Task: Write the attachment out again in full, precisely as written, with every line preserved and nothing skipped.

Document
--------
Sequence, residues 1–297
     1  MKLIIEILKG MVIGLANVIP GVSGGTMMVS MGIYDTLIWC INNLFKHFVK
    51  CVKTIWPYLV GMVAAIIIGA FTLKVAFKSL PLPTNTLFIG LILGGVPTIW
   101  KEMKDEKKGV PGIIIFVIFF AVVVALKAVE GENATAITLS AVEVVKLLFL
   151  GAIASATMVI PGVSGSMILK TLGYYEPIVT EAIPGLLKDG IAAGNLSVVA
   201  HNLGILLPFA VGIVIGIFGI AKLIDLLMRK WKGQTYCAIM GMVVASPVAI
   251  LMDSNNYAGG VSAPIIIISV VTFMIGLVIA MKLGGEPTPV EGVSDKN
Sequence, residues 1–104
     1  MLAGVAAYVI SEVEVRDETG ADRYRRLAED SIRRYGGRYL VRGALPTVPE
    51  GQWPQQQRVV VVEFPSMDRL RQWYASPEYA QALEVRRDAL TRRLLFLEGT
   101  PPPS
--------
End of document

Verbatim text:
Sequence, residues 1–297
     1  MKLIIEILKG MVIGLANVIP GVSGGTMMVS MGIYDTLIWC INNLFKHFVK
    51  CVKTIWPYLV GMVAAIIIGA FTLKVAFKSL PLPTNTLFIG LILGGVPTIW
   101  KEMKDEKKGV PGIIIFVIFF AVVVALKAVE GENATAITLS AVEVVKLLFL
   151  GAIASATMVI PGVSGSMILK TLGYYEPIVT EAIPGLLKDG IAAGNLSVVA
   201  HNLGILLPFA VGIVIGIFGI AKLIDLLMRK WKGQTYCAIM GMVVASPVAI
   251  LMDSNNYAGG VSAPIIIISV VTFMIGLVIA MKLGGEPTPV EGVSDKN
Sequence, residues 1–104
     1  MLAGVAAYVI SEVEVRDETG ADRYRRLAED SIRRYGGRYL VRGALPTVPE
    51  GQWPQQQRVV VVEFPSMDRL RQWYASPEYA QALEVRRDAL TRRLLFLEGT
   101  PPPS